Eyemouth in AUGUST

AUGUST 2019

By GLYNIS JONES

It’s quite a drive up to Eyemouth,  travelling across borders, coping with local customs etc .  So we decided to make a real long weekend of it and travel on Thursday and then be able to get 3 days diving in. Hopefully.

We booked with Marine Quest.  Jim (Owner) dealt with all the correspondence.  He obviously was used to dealing with diving groups, – numbers changing, days changing, accommodation having to be altered accordingly.  But he was very accommodating and helpful throughout.

The set up at Marine Quest – they are based right on the harbour side and convenient for parking / unloading.  The rooms immaculately kept with a range of doubles, twins and 3’s.   All en suite. Breakfast is served in the café downstairs and paid for separately.  Enough choice and quantity to satisfy Ian and the rest of us. Fills on site.  AND ….  A fantastic drying room, hangers and racks PLUS … overnight an industrial heater blasts out so that the next morning not only is all gear dry but actually WARM!

“Covered in Deadmens Fingers and Anemones with lobsters and crabs lurking in the cracks”

Marine Quest have 2 boats Jim and son Ian skipper them.  They shuttle out morning and afternoon with 2 dive trips.  Homemade cake provided and half time!

We were on the afternoon run on Friday and Saturday and the morning on Sunday.  On the Friday afternoon we were due to dive twice. However, for safety reasons we had to do with just one.  Ian (skipper) had told us that E wind reduced the number of sites we could dive safely. And it was too risky to dive again that afternoon. Apparently in August the prevailing wind is normally SW – ‘but the weather has been strange’ – don’t we know it.

Diving – as many will know the diving in that area is mainly 15m ish scenic reefs and gullies.  Covered in Deadmens Fingers and Anemones with lobsters and crabs lurking in the cracks.  Scorpion fish, dog fish and various wrasse were sighted.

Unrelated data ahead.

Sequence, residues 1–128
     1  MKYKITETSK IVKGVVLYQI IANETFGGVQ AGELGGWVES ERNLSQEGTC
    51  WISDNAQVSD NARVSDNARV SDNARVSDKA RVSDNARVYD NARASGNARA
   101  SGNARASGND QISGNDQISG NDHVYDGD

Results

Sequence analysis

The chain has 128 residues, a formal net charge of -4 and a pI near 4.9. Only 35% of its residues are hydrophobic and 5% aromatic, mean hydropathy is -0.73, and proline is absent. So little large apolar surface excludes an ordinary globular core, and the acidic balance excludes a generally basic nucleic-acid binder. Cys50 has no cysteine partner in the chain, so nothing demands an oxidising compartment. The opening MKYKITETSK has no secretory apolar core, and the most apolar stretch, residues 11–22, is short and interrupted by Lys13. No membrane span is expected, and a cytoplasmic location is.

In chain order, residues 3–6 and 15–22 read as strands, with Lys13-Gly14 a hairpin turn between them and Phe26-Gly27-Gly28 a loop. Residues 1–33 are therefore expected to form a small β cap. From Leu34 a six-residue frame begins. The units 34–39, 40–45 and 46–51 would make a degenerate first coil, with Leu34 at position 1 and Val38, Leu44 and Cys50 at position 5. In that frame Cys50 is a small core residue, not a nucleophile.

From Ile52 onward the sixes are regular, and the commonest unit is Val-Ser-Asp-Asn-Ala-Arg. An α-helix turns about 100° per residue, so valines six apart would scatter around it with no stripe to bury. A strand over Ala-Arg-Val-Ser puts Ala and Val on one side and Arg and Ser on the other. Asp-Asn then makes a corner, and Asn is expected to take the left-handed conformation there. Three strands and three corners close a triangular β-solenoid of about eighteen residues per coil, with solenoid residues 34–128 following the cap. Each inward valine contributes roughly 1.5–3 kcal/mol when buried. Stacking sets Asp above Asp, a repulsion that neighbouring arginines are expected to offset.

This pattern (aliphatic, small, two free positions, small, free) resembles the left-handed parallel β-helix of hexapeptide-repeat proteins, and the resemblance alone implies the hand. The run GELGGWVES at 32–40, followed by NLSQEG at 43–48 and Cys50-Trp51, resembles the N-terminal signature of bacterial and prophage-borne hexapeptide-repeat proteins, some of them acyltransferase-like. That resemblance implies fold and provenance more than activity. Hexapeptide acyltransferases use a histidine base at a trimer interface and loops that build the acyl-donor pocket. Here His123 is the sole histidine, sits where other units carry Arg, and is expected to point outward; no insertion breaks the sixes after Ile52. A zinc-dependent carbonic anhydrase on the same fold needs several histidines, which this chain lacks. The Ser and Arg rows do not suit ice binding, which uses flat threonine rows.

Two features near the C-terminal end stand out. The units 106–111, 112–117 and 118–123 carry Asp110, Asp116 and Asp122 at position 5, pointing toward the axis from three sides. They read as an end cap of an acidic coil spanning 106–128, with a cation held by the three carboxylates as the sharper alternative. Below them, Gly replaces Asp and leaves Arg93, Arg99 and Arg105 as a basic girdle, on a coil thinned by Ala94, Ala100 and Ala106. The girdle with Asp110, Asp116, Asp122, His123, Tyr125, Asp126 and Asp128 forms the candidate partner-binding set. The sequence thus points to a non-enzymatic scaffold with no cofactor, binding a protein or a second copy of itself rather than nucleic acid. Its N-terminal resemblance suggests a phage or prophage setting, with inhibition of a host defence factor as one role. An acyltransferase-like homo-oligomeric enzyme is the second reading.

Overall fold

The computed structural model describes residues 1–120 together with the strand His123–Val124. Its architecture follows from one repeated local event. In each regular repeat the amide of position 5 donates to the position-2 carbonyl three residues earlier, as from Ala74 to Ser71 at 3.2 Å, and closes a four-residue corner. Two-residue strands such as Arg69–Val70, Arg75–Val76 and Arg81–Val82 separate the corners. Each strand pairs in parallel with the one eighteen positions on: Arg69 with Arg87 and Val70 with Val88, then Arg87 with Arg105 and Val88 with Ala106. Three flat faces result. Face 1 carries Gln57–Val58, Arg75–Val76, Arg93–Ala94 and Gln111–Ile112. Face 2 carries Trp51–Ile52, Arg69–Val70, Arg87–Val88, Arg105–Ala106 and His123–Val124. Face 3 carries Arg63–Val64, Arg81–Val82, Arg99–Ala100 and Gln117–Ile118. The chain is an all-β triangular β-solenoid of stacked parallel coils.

Visibility was  8-10m ish and negligible currents. Pete and Ian buddied up and I buddied with Ian Mk 2.  Some of the divers on the boat spotted nudibranche, in fact there were world experts on board (see August edition Scuba).  Not me though – but that’s not unusual!

We were lucky when a pod of dolphins came towards the boat on our way back to harbour.  They did a bit of bow surfing and then swam away.  Apparently there are about 100 dolphins in the area, they split into smaller pods most of the time but are occasionally seen all together.  Must be quite a sight.

40 min + dives are the easily achieved and the sea temp at 14c was OK but it did feel a bit chilly cum Sunday.  Ian C definitely felt the cold.  His ancient dry suit that has stood him in good stead for years………  sprung a leak.  The Zip.  Repairs needed – now where will he find the money for that.  Thankfully that happened on Sunday’s dive so he only missed out one day and Pete joined us for a pootle.

When not diving on the Friday and Saturday mornings we walked along the cliff tops – there was some interesting stuff along the way including a memorial to the Great Fishing Disaster of 1881 and  French cannons

Eyemouth has a decent selection of eating places and watering holes – better than St Abbs. Some of the more difficult decisions were ‘Where to eat’, What to eat’ and ‘When to eat’.  But it was entertaining to wander around the narrow streets of Eyemouth and listen to the conversations re: the above. And then having to sit down in a pub, have a glass of real ale and discuss the matter in detail.

Eyemouth – a long way to go and on this occasion because of adverse wind / waves we were restricted to only a couple of dive sites.  Plenty to see in sheltered underwater conditions. An excellent starter for inexperienced divers in UK waters. 

“a pod of dolphins came towards the boat on our way back to harbour”

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